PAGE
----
In the 1980s and 1990s, pharmaceutical and medical device companies like Abbott, Pfizer, and Medtronic showed some of the most consistently high returns year after year.
How did they achieve this performance?
Generally, at the early stages of the drug and device development pipeline, companies would expect to experience failures. After all, successful research, discovery, and creativity entail going through several failed attempts and trials.
However, at the end of the pipeline, when drugs and medical devices need to be launched and provided to patients, defects have to be ZERO, especially with people’s lives on the line.
This means there’s a right execution for every stage. The right systems, processes, and ways of thinking at the beginning of the pipeline should be drastically different from that at the end. This also supports the point that in actually delivering what’s promised, failure is not an option.
Abbott, Pfizer, and Medtronic recognized this and acted accordingly. They fitted the right methods for execution given the strategy and stage in place. The result?
They achieved consistently high performance and high returns for many years!
According to Professor Joel Litman and Dr. Mark L. Frigo in the book, “Driven,” RDS’ Tenet 4 is fourth in the framework for a reason: Its focus must be squarely on achieving Tenets 1 (Ethically Maximize Wealth), 2 (Fulfill Otherwise Unmet Customer Needs), and 3 (Target and Dominate Markets).
Professor Litman and Dr. Frigo also say high-return businesses bypass unnecessary debates that separate strategy and execution.
Instead, they view these as concepts that go hand-in-hand, because management teams believe cash flow returns follow a focus on the executability of plans, and the effective and efficient delivery of promised offerings.
We hope you learned a lot from today’s article!
As strategies of today are executed, results must drive a reconsideration of those strategies to further improve a particular process or system. Simply said, the implementation of plans today is simultaneously a part of the plan development of tomorrow.
… and while strategy and execution are different, they are equally important focal points of great business success.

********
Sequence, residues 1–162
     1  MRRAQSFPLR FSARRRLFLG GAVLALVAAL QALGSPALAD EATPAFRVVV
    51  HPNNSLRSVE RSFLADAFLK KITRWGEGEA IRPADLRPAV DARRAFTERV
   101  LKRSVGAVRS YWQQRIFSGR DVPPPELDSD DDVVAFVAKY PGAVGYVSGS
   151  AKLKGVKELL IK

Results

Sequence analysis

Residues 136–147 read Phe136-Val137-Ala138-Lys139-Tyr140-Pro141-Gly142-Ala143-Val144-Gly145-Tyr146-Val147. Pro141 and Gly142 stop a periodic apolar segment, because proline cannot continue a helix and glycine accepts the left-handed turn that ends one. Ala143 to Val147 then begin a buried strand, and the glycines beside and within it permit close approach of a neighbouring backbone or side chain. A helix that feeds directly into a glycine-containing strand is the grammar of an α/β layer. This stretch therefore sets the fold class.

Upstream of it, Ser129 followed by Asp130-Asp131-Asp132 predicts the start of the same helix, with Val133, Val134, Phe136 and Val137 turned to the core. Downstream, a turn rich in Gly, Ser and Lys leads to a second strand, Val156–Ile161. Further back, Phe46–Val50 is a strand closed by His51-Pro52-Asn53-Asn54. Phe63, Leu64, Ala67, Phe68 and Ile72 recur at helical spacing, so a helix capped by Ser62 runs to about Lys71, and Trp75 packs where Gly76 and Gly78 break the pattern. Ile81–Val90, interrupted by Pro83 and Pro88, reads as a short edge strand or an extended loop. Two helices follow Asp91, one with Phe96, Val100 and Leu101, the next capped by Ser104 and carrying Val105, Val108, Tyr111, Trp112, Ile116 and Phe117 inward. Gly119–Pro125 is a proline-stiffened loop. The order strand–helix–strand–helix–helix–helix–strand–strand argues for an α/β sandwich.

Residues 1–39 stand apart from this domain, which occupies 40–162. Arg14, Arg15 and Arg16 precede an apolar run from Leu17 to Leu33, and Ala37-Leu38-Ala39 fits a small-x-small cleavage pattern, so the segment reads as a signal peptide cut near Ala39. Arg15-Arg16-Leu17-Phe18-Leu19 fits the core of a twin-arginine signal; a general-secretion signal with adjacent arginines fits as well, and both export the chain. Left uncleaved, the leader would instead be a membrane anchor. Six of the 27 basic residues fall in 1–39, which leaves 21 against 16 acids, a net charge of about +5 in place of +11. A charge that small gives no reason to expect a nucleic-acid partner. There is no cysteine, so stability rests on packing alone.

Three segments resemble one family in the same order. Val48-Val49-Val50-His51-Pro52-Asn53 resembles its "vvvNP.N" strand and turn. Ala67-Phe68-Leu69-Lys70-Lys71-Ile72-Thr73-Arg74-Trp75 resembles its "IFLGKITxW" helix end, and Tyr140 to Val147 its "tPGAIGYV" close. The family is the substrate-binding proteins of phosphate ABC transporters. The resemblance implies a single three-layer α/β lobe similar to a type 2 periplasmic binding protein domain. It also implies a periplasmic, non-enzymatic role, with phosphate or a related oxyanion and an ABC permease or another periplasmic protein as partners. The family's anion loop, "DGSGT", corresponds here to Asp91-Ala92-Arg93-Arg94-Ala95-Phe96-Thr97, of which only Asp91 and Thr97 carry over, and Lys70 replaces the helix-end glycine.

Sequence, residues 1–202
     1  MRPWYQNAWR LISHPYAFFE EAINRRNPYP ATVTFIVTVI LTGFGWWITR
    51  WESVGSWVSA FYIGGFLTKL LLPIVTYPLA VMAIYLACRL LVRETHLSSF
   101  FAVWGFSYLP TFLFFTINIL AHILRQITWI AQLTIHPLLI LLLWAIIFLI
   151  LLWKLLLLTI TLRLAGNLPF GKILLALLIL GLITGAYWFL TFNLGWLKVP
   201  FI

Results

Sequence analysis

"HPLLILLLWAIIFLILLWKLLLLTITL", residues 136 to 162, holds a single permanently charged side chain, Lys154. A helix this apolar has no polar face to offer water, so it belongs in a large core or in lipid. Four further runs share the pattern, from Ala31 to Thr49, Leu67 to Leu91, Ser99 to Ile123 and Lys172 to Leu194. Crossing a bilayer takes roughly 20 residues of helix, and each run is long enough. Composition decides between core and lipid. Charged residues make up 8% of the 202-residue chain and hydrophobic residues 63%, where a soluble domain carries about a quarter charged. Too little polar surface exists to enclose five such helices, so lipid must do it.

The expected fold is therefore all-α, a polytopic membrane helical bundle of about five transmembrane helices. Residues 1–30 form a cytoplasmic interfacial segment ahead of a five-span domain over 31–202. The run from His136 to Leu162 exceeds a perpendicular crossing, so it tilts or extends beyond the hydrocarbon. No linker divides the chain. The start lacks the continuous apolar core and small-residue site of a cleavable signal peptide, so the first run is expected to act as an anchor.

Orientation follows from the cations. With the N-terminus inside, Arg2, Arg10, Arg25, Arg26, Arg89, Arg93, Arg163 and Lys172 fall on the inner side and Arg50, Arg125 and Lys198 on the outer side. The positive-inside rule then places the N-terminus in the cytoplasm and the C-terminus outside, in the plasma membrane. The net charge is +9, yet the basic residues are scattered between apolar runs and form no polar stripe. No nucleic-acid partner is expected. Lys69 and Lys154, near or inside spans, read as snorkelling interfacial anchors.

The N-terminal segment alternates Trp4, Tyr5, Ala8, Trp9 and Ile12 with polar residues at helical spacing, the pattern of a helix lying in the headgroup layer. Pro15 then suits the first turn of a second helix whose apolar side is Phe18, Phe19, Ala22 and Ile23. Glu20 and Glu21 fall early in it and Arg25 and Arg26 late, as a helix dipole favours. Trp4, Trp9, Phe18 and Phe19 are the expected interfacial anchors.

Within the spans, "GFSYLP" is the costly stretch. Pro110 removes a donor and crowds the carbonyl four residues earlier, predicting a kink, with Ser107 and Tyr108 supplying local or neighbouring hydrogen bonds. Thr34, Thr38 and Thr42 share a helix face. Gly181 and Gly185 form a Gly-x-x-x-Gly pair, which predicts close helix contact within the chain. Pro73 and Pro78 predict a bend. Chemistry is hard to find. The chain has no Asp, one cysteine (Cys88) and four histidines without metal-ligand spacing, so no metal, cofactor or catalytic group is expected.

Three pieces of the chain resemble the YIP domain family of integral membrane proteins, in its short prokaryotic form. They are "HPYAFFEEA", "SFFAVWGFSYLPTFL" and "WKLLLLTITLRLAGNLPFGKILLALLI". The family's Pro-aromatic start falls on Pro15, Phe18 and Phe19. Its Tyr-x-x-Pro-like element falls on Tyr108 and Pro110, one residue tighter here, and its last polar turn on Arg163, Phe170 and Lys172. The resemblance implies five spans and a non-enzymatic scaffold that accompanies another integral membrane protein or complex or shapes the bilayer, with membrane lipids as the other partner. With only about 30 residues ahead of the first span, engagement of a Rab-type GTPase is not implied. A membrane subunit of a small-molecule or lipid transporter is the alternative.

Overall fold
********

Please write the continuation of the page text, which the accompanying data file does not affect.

Stay tuned for next week’s “Return Driven Strategy” feature!
(This article is from The Business Builder Daily, a newsletter by The I Institute in collaboration with MBO Partners.)
About The Dynamic Marketing Communiqué’s
“Tuesdays: Return Driven Strategy”
In the book, “Driven,” authors Professor Joel Litman and Dr. Mark L. Frigo said that the goal of every long-term successful business strategy should incorporate the combined necessity of “making the world a better place” and “getting wealthy.”
That is why they created Return Driven Strategy and Career Driven Strategy―frameworks that were built to help leaders and professionals plan and evaluate businesses so they can also help others achieve their organizational goals and career goals.
The frameworks describe the plans and actions that drive returns for anyone in an organization such as independent contractors, marketers, brand managers, communicators, and other people in any field. These actions lead to the creation of wealth and value for customers, employees, shareholders, and the society.
Every Tuesday, we’ll highlight case studies, business strategies, tips, and insights related to Return Driven Strategy and Career Driven Strategy.
In planning, building, or managing brands and businesses, these strategies, case studies, and guidelines will help you choose what specific actions to take and when to take them.
Hope you found this week’s insights interesting and helpful.
Stay tuned for next Tuesday’s “Return Driven Strategy!”
Head of Marketing
Valens Dynamic Marketing Capabilities